I look in the bedroom closet. I see just the few clothes that I actually wear. If there is something that I never wear, I donate it to charity. I don’t buy any new clothes until the ones I have are close to wearing out. I’m your typical guy, in that regard. As explained in the Seinfeld episode, most guys will wear a pair of underwear until it’s nothing but a few wispy threads, that blows away in the wind. That’s me.
That’s the way all of my purchases are made, actually. Before making a purchase, I carefully think it over. Only after I’ve determined that it will bring me sufficient usage and value, will I pull the lever. I never buy impulsively. And, only for convenience, do I buy using a credit card. At the end of each month, my credit card balance is automatically paid off.
Now, to be honest, I do have a bit of a particular kind of other stuff, that I haven’t mentioned yet. I like to call this “the good stuff”. This stuff is located in my bank accounts, in the form of liquid assets. Also known as, “Cold, hard cash, baby!”. There is also a bit of stuff in the form of stocks and bonds. Lately, that type of stuff, as the value of my stock increases, has been creating me more good stuff. I certainly don’t mind the accumulation of this type of stuff.
In the words of Jeff Spicoli “Hey Man! Good STUUUUF!”. Okay, that’s a different kind of good stuff, which I may write about in a future post.
So back to the topic at hand, Americans seem to acquire a lot of stuff. I drive past homes and I see boats, RVs, snowmobiles, several cars, and all sorts of other stuff. Also, HUUUUUGE houses. Unless you are wealthy, which I’m guessing many of these people are not, this type of stuff is not a wise investment. Even if you are wealthy, it’s not a wise investment, but at least they can afford it. They have plenty of the good stuff.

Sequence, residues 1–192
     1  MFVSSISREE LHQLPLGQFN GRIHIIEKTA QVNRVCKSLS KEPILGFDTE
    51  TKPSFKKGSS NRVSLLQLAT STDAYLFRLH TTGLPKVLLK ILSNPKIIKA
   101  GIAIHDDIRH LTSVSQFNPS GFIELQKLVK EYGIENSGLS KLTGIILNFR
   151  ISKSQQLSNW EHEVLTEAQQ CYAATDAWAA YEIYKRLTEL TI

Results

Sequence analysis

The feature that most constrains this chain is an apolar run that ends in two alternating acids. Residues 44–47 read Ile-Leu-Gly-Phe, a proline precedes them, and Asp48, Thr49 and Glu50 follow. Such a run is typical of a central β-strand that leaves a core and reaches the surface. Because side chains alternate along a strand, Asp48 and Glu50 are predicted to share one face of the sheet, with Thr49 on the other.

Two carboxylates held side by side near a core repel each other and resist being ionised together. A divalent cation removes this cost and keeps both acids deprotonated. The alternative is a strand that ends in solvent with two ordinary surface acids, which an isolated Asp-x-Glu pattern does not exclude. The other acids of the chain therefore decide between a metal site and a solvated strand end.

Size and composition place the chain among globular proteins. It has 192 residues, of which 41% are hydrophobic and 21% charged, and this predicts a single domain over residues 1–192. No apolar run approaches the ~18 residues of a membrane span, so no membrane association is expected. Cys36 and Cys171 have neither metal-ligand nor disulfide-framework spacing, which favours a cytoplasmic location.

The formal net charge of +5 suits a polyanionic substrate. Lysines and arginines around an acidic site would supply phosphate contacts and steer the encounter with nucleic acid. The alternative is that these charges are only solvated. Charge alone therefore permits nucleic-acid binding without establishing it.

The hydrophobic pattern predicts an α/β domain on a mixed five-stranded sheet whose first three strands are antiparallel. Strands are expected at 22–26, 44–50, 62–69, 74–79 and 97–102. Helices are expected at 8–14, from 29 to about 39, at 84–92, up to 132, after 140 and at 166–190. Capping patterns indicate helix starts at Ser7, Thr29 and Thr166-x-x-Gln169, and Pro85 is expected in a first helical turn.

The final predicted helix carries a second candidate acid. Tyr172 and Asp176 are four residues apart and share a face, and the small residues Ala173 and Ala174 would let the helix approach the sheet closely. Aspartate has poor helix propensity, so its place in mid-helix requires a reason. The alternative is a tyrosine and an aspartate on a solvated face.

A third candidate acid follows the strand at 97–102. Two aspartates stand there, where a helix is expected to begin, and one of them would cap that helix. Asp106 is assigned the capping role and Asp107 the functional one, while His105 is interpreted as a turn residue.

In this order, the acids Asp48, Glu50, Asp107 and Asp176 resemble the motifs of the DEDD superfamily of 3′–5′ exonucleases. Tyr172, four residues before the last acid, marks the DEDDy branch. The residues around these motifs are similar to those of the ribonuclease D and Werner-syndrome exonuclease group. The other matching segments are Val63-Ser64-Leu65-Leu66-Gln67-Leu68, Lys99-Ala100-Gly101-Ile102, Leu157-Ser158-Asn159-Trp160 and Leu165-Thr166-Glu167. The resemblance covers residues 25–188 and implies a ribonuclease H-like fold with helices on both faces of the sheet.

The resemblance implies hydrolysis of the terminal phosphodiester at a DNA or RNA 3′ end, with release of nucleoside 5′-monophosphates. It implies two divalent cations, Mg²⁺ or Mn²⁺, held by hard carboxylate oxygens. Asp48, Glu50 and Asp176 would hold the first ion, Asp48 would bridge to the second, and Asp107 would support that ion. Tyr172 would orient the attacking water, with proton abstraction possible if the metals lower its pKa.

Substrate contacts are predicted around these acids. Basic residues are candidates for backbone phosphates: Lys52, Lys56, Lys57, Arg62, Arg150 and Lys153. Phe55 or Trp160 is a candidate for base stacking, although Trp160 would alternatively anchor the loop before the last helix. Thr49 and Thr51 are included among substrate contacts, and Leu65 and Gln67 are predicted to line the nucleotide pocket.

Yes, I know real estate is usually a good investment. That is, provided you don’t become mortgage poor. By mortgage poor, I mean spending a big chunk of your take-home pay on the monthly mortgage payment. This is unwise for several reasons, which perhaps I may also write about in a future post.
Wow, so many ideas popping up for future posts. Speaking of, if you’re diggin my words, please do hit that “subscribe” button < wink, wink >.
To wrap up, the point I’m trying to make with all of this talk about “stuff” is, much of the stuff that people buy is not a wise purchase. It’s not the “good stuff”. A piece of stuff, also known as a “thing”, is just like any other investment. You have to ensure you will derive enough value from the purchase, for it to be what I like to refer to as “a wise purchase”. Of course, emotional value is a valid type of value. If you feel the emotional value is enough to justify the purchase, then by all means, you should buy that stuff! I consider my motorcycle to be a wise purchase. Just keep in mind, if you buy on credit, the total cost of the purchase has gone up! In addition to the original purchase price, you now have interest to pay. Also, let’s not forget the lost opportunity to make some of the good stuff, in the form of investments. Yes, that’s correct. Every 10,000 dollars spent on a car is money that will not be making you more of the good stuff. People often forget about this when deciding to plunk down for the BMW, versus the Ford Focus. Interest, plus lost investment opportunity, equals “Holy crap! That’s expensive! Was that such a wise purchase?!”.
Alas, as to the answer to the original question “Where’s my STUFF!?” …
Except for my BB-8, I probably will never find it.
I’m okay with that.